Pete: He’s enjoying the hell out of this. That’s right. That’s right. He is enjoying the hell out of it. And so, you know, I realize I’m giving Handsome Robert a show and that suddenly piques that anxiety piece, right. And now I feel like I’m being watched, not that I’m being watched in my performance, but that I’m being watched in my behavior, right? That he’s watching my brain, make my body do things that aren’t natural, right? And I’m fidgeting with the hat still. Don’t forget, I’ve still got this cockamamie hat. Okay. So the final thing that we have to go through, the final hoop through which we must jump, is we have to align a series of objects in just the right way that again triggers an RFID fancy machine to drop a key from the ceiling, right? And that would get us out of the escape room. And time is absolutely clicking down for us, right? It’s not good.
So we get the objects in the right order, everything’s right, and we’re feeling really good about it. And we look up at the screen and Handsome Robert after spending way too much time watching the seconds tick down, and all we see on the screen is say, boom, what do we do? Why do we do that? And just, yell, boom, yell, boom. So we yell, boom, and the clock stops and Handsome Robert comes in with 16 seconds left on the clock and he says, “I am so sorry. Remember the high school girls that were in here before, they broke the last thing that you were working on? You should have had the key a long time ago and that would have let you get this cannon ball and put it in the canon and fire it. And then it would have made a boom sound, which would unlock the final door.” And so he had to let us out, but…
Nikki: But you still got it.
Pete: We actually got it. I couldn’t believe it. And I was so…like, then, you know, I’m feeling already pretty good. I was frustrated about the thing we were working on, but I’ll be damned. We actually did this thing, our first outing in an escape room. There were…you know, we did it with 16 seconds to spare. And I found myself, like, I know why this is a team building thing because I didn’t know half of the people on our team and I wanted to hug them very badly, right.
Nikki: Thank you for getting me out.
Pete: I was so grateful for them. They are amazing. And so it ended up being an enormously satisfying thing. But to walk through for me and be able to feel the experience of, you know, the anxiety of being watched, the experience of living inside of hyper-focus, right? The experience of living inside of a distraction, of not being able to find a direction at all, this like put a magnifying glass on the things that I struggle with. And I found that, honestly, really satisfying, right? I found that it was confirming because it reinforced the things that I struggle with every day where I struggle with them. And by the end, I can honestly say it’s kind of fun, right? It was fun. The end experience was fun. Being in there was not so fun, but getting out was fun.
So I started researching a little bit on some other potential escape rooms. And did you know there you can go…there are coffin escape rooms where you go as a couple, like you and your husband can go and you’re both locked in coffins that are side by side for an hour and you have to get out?
Nikki: No, I couldn’t do that.
Pete: That’s awful. Yeah. A lot of them have actors in them if you haven’t gone through them, right. So there’ll be performers who are helping you. Like another one of the Portland escape rooms is a steam ship captain. Like you’re a steam ship crew, an air ship, and there’s a whole crew in the room with you and they’re trying to…they’re doing what you tell them to do, which I think is really fun. The one that is most famous is in Los Angeles called The Basement and The Basement LA, you have been kidnapped by a serial killer and you have 45 minutes to get out of his basement before he comes back to finish the job. And that is on the world…it’s world-renowned at how popular this thing is if you’re a horror fan. And it’s gross. It’s awful.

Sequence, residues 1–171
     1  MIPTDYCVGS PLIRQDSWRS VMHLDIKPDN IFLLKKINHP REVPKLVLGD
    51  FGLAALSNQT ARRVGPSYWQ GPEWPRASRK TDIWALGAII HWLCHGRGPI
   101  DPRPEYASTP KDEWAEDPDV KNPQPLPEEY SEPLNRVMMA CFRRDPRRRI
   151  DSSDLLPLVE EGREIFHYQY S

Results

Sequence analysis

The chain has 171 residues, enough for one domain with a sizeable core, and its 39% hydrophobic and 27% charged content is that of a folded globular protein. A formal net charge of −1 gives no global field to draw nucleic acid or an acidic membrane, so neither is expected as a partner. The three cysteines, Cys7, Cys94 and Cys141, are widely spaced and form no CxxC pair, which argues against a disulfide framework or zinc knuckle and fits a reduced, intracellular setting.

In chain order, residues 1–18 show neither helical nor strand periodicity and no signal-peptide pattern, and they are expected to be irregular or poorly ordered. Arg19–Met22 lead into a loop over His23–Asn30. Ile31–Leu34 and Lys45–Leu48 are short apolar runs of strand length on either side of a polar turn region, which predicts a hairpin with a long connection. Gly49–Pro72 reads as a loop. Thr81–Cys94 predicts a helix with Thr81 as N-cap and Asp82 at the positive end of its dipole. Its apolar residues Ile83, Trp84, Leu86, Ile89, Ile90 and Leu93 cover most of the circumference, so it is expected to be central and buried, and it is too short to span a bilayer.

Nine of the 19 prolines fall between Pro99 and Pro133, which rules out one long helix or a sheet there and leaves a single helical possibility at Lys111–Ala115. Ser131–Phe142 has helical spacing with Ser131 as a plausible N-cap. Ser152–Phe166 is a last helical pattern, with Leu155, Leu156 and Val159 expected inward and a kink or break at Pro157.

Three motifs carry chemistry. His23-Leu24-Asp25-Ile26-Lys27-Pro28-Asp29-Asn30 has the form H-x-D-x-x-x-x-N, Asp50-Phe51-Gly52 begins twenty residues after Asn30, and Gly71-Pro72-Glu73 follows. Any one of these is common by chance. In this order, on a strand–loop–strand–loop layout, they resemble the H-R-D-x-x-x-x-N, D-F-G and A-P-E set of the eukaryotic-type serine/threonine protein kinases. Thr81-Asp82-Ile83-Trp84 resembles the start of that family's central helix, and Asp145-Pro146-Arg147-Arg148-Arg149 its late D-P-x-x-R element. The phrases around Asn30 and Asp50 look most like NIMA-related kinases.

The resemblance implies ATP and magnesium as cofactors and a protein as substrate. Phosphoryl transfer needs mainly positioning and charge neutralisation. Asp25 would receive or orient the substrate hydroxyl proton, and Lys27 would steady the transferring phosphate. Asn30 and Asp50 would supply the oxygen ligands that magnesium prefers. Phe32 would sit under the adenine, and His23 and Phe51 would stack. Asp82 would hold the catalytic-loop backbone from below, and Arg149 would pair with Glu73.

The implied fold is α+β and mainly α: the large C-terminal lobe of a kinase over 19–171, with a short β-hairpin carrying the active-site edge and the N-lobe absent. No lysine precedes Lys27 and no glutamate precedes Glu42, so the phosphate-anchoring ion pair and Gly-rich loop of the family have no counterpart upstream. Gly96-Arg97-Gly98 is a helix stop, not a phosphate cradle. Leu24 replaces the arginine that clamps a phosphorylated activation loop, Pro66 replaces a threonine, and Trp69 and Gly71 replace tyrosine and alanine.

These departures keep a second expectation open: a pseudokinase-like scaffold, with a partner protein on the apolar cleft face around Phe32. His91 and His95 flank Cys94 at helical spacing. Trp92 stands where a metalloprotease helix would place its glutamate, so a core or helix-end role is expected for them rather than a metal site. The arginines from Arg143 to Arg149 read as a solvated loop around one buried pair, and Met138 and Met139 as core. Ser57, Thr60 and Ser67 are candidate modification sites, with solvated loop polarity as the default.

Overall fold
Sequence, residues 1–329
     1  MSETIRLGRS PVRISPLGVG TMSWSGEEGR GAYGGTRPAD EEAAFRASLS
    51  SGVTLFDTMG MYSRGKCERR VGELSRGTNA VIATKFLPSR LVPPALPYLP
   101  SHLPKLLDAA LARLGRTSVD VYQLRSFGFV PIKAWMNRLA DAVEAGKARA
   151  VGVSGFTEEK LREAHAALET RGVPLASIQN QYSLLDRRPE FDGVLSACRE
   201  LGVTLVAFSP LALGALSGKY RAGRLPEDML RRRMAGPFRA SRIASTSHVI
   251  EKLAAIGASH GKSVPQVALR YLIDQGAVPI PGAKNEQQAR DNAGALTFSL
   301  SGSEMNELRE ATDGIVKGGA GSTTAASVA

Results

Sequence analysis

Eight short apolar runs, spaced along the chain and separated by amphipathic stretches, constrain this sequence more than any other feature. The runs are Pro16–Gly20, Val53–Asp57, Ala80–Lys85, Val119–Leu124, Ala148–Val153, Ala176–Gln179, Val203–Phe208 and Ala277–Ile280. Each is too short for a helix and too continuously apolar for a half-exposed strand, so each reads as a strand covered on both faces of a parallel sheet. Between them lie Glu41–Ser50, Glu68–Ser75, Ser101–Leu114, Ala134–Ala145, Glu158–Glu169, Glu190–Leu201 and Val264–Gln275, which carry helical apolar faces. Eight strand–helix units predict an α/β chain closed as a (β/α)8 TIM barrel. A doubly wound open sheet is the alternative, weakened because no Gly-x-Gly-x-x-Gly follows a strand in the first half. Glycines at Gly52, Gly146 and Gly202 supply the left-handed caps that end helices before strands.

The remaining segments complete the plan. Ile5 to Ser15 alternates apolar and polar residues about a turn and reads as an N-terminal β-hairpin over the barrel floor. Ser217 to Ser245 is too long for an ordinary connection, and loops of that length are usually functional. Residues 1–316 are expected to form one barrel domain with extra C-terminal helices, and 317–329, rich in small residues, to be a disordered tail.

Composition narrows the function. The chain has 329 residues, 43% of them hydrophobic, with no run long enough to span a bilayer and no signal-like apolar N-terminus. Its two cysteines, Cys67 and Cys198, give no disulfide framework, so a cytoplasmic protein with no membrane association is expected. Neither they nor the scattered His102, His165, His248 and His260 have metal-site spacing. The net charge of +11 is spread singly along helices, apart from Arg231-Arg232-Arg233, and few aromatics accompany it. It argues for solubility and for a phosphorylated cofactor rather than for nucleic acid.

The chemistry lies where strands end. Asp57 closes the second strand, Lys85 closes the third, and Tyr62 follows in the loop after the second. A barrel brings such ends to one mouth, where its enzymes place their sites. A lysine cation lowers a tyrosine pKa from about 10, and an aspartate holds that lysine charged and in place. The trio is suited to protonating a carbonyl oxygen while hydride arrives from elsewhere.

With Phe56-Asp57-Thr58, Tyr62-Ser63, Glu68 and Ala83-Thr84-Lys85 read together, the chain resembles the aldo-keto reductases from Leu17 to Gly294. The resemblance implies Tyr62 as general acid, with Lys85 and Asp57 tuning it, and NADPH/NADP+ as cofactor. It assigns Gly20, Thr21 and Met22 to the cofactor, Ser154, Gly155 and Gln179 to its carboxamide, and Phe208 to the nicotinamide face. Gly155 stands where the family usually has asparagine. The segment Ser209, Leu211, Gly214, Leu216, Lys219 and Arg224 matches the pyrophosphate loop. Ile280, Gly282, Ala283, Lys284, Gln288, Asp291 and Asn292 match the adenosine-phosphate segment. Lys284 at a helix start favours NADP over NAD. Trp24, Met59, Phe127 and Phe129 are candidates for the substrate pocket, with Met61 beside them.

Nikki: I’m gonna stick to the circus theme.
Pete: Yeah. You can also do it. One of the popular themes is trapped in a room with a Zombie.
Nikki: Yes. They had a zombie room where we went. Yeah.
Pete: And every five minutes, the chain on the Zombie’s neck gets longer so the Zombie gets more run of the room. So you’ve got to figure out how to stage the clues. It’s awful. But it was a really interesting social experiment and as hard as it was, I’m really glad we went through it. And I hope if you’re dealing…I guess that’s the message that I wanted to leave people with here that if you have ever wanted to see, if you haven’t really had this experience outside of like school or work and want to see how your ADHD manifests under this kind of pressure, this was a totally new experience for me and I am super grateful that I did it because I learned a lot. I thought it was going to be not at all what it ended up turning out, so.
Nikki: Wow, that’s awesome. Well, there’s a lot of parallels too when you were talking about how hard it was for asking…or how hard it was to ask for help and then how grateful you were for your team. One of the things that I was thinking about is just with ADHD in general, how hard it is to ask for help, and how easy it is for people to think that they should just know this stuff and do this stuff and it should just be easy because it’s easy for everybody else. But then how grateful people are with their community and we see that in our patreon group, you know, being grateful for other people who get them and that they’re not alone. And so I actually see a lot of parallels just from your story and how that relates to ADHD in general. So I love it. Thank you for sharing.
Pete: Yeah, it was super. And the other thing that I forgot to mention is there were eight of us on this team and four of us knew each other and the other four didn’t. There were two other couples who knew themselves, right? There were two groups of four, and that was another bit of social pressure because you go in and you’re like, “Oh my God, how…” like, “Now I’m performing not just for my friends, but for these people that I didn’t know.”
Nikki: And Handsome Robert, you’ve got so many people watching you.
Pete: Oh, Handsome Robert. Yeah. No, it was gross but super fun. So hopefully, that ends up being something that is useful for others to give yourself a test, see how it works…
Nikki: Yeah. Good story. I like it.
Pete: Thank you everybody for downloading and listening to this show. We sure appreciate your time and your attention. On behalf of Nikki Kinzer, I’m Pete Wright and we’ll catch you next time in the serial killer’s basement.
Nikki: Jeez, you won’t see me.
Pete: On Taking Control: The ADHD Podcast.